Afghanistan’s Growing Threat is Climate Change

Shah Foladi, one of four officially recognized national parks in Afghanistan. Image: Sune Engel Rasmussen/The Guardian

Nearly six years ago the Pentagon declared that climate change poses “immediate risks” to national security and will have broad and costly impacts on the way the US military carries out its missions. While the Trump administration has largely ignored this warning, it’s beginning to play out in very real ways, especially in Afghanistan.

As NatGeo reported, “Afghanistan is one of the most vulnerable countries in the world to climate change, and one of the least equipped to handle what’s to come. Experts say drought, flood, avalanches, landslides, extreme weather, mass displacement, conflict, and child marriage—all of which already plague Afghanistan—are set to worsen.” This also means that instability and terror threats will also escalate as climate change continues to threaten natural resources and the livelihoods of Afghans.

What’s Happening: According to NatGeo, There has been relatively little attention paid to climate change in Afghanistan, where

  • The majority of Afghans are farmers or earn income from agriculture, and where the United Nations Environment Programme estimates 80 percent of conflict is over land, water, and resources.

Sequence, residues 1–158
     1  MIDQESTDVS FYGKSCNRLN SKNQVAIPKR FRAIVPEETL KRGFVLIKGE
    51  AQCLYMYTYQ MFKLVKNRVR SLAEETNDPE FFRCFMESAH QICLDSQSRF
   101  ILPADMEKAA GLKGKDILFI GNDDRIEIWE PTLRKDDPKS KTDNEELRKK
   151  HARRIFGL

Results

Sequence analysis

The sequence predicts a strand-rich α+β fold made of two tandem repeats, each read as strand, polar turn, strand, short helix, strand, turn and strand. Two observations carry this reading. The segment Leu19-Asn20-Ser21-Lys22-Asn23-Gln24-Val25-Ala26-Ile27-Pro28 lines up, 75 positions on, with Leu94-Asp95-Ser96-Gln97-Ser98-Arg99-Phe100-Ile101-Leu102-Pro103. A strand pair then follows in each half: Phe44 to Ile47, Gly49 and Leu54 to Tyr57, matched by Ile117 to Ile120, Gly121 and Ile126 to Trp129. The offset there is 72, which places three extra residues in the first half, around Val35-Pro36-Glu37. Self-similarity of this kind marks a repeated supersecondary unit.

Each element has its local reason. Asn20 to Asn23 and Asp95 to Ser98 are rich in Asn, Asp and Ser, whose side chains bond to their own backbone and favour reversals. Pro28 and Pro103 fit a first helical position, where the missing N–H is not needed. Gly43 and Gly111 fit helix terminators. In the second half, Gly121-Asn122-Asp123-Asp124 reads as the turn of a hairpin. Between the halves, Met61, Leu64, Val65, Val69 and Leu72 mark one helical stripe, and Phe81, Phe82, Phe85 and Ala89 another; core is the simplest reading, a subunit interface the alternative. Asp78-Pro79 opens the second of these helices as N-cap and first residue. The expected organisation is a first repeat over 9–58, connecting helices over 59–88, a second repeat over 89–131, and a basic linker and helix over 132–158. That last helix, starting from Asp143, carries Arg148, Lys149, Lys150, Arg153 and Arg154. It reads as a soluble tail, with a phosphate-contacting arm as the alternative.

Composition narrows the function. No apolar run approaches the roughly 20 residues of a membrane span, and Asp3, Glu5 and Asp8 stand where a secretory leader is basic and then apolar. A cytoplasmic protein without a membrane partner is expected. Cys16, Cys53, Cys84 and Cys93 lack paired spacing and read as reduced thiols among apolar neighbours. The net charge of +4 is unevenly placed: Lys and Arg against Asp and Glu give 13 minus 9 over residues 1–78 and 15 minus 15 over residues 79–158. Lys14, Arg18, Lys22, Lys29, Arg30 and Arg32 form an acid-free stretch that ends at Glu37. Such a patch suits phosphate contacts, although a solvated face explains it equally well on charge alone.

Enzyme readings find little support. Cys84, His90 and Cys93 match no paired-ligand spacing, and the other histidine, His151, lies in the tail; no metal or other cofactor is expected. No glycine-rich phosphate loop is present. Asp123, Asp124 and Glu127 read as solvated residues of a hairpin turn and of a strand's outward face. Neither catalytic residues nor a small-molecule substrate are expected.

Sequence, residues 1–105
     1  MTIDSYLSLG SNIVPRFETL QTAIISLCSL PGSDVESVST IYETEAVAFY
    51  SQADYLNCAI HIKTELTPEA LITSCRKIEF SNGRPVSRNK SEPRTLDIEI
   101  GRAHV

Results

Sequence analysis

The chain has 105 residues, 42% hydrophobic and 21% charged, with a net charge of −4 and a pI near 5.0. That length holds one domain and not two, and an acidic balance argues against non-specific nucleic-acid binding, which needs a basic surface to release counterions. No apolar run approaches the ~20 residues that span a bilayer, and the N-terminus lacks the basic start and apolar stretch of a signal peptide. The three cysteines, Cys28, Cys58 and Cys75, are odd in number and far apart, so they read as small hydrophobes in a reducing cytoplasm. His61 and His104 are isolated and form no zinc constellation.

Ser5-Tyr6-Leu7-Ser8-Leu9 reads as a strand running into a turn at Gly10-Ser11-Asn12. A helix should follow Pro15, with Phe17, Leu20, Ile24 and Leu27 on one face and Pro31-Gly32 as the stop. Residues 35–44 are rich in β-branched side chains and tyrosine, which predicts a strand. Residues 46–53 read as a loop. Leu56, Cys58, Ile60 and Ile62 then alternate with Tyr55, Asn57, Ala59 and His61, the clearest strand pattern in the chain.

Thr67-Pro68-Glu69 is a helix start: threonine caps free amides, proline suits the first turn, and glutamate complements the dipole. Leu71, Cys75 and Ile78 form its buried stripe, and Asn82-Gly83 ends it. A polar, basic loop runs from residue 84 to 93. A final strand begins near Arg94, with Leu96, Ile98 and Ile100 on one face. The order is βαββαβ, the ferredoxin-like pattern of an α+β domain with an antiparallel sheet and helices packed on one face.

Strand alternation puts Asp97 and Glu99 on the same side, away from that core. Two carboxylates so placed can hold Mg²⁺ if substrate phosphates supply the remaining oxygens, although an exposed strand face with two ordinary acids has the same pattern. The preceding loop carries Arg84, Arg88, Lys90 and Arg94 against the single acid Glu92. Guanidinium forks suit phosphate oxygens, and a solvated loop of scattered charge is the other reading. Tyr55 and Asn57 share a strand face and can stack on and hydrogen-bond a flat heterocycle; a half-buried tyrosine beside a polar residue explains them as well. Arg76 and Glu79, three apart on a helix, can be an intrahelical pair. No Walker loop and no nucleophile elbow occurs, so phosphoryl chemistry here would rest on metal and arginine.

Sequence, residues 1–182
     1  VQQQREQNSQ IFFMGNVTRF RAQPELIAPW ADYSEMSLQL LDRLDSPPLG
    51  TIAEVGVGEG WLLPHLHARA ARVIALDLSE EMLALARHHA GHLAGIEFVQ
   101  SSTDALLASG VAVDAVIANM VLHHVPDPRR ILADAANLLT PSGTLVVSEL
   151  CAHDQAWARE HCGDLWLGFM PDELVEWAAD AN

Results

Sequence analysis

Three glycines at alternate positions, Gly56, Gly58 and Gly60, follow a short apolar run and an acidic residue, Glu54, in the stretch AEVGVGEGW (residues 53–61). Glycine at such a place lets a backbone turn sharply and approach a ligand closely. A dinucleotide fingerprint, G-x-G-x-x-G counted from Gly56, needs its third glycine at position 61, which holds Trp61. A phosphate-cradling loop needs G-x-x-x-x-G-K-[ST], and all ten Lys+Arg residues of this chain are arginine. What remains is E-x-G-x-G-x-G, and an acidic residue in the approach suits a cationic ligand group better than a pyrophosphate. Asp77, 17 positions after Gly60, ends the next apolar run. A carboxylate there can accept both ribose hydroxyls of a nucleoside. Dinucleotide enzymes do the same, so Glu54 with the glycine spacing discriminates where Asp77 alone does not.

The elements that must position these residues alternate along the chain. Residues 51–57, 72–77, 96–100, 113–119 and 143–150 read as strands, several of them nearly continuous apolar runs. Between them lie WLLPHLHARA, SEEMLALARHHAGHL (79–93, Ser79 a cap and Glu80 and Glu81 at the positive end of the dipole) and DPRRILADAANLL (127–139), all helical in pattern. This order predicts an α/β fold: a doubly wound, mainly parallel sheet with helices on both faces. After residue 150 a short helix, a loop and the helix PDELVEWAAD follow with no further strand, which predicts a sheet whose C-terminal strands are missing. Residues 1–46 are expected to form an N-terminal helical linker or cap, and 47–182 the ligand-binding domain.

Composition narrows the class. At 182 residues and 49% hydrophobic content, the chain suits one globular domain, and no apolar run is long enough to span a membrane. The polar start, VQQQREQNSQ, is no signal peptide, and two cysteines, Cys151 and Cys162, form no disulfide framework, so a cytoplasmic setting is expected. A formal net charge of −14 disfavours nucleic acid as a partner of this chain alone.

• Assistance to help Afghans cope with the effects of drought and climate change-related hardships is often too short term or does not take into account the actual needs of Afghans on the ground.

In Afghanistan’s central highlands especially, irregular snowmelt and rainfall are pushing people’s survival to the edge. As the Guardian reported, food insecurity in Afghanistan is an immediate consequence of global warming. Currently, about 13.5 million Afghans remain severely food insecure.

Biodiversity: Years of NGO aid hasn’t worked to protect Afghanistan’s abundance of nature. As NatGeo noted, national biodiversity is another victim of international donors, such as USAid, that subsidize fertilizer and pesticides to Afghan farmers, and have used pesticides to eradicate poppies. Many international agencies generally have a “poor understanding” of Afghanistan’s natural riches thus funding isn’t helping to support biodiversity.

Why This Matters: As Yale University explained, terrorists take advantage of disruptions in fragile states – and these include water and food shortages associated with climate change. Climate change is one of the greatest threat multipliers for global instability and the United States’ current foreign policy is woefully disregarding this fact. Billions of dollars of international aid have been directed to Afghanistan yet if we don’t take immediate action on the climate crisis, then much of this money will have been spent in vain.

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